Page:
co, would not consent to luku upiiri hnnielf
that friendly uflice. Attliuuirh Hot Piitimlu
satisfied with Ihe course pursued by Mexi
co, I full no hesitation in receiving m ihu
most conciliating spirit the explanation
offered, and also cheerfully consented to u
new convention, in order to arrange th0
payment proposed, to be made to our cili-
zens, in a maunur which, while equally
just to them, was deemed lees onerous nntl
inconvenient to the Mexican Government.
Relying confidently upon tho intentions of
that Government, Mr Ellis wns directed lo
repair lo Mexico, and diplomatic inter,
cnurso hns been resumed between the iwu
countries. The new convention has, he
informs us been recently submitrd by the
President of that Republic toils Congress,
under circumstanced which promise, a
speedy ratification, a result which I cannot
allow myself to doubt.
Instructions have been given to the
Commissioner of tho United States under
our Convention with Texas, for the da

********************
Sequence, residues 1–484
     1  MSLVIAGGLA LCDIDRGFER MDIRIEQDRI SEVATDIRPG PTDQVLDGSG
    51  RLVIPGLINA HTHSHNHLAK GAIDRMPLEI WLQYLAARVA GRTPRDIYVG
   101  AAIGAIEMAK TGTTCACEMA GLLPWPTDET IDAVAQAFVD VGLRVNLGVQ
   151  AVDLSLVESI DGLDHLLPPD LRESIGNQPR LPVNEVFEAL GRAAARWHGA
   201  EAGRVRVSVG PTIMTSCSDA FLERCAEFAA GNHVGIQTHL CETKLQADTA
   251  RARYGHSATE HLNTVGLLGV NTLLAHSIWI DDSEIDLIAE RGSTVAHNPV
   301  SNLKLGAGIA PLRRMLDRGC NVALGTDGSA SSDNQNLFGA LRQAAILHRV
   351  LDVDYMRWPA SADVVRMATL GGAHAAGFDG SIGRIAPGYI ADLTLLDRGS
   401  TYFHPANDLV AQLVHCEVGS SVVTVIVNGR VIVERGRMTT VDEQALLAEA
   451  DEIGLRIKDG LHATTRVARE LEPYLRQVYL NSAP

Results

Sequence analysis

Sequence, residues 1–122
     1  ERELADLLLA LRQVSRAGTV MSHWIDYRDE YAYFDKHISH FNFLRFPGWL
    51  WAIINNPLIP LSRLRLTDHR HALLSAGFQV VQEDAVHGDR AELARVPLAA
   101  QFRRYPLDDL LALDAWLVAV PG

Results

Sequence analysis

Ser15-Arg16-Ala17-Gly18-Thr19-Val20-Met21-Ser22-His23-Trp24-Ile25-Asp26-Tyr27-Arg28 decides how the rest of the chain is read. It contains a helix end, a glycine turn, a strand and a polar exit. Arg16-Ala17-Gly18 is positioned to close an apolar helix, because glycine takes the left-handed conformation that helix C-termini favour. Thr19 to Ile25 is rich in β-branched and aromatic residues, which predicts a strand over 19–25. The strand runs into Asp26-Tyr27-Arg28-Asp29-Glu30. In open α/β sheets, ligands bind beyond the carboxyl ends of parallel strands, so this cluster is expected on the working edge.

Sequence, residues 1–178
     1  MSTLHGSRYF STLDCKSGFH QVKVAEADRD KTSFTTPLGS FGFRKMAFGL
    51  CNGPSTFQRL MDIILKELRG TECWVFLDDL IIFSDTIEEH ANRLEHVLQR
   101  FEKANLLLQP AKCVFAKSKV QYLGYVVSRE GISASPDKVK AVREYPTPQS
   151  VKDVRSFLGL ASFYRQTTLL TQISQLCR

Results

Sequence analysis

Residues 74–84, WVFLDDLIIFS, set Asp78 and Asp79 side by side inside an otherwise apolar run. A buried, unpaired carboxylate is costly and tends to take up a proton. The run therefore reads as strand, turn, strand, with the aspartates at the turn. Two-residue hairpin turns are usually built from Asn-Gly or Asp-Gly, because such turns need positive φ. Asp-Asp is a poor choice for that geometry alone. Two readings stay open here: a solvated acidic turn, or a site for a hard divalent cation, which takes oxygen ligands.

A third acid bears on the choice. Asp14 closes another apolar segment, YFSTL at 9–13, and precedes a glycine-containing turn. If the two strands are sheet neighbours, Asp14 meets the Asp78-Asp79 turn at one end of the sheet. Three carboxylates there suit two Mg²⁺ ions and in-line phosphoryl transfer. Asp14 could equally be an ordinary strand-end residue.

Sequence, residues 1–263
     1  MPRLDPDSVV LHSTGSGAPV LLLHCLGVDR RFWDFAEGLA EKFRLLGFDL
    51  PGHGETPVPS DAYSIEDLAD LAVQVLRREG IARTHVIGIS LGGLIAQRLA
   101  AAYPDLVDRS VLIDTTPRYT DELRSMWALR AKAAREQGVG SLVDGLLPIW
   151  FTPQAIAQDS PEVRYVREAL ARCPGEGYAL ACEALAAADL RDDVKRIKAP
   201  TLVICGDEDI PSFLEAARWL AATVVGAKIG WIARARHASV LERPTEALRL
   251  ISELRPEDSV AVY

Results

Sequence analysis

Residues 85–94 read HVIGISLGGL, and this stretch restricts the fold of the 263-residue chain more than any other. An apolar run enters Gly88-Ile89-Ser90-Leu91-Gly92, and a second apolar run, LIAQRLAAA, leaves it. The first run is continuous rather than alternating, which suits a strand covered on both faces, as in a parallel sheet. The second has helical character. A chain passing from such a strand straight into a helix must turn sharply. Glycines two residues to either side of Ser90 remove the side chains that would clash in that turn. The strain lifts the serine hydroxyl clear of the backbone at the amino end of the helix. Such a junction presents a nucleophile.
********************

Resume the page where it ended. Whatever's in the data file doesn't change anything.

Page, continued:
marcat ion of the line which separates us
from thai Republic. The Commissioners
of both Governments met in New Orleans
in August latt. The joint commission was
nrgani.ed, and adjourned lo convene at
tfra-mfrre-place b'ri theTwclflh of Oclober.
It is presumed to be now in the performance
of its duties.
Tho . now Government of Texas has
shown its desire lo cultivate friendly rela
lions with us, by ii prompt rcparntiin for
injuries complained of in tho case ol the
two vessels; of the United States.
With Central America a convention has
been concluded for the renewal of Us for
mer treaty with the United Stales. This
was not ratified before the departure ol our
lute Charire. d'Affaircs from that country,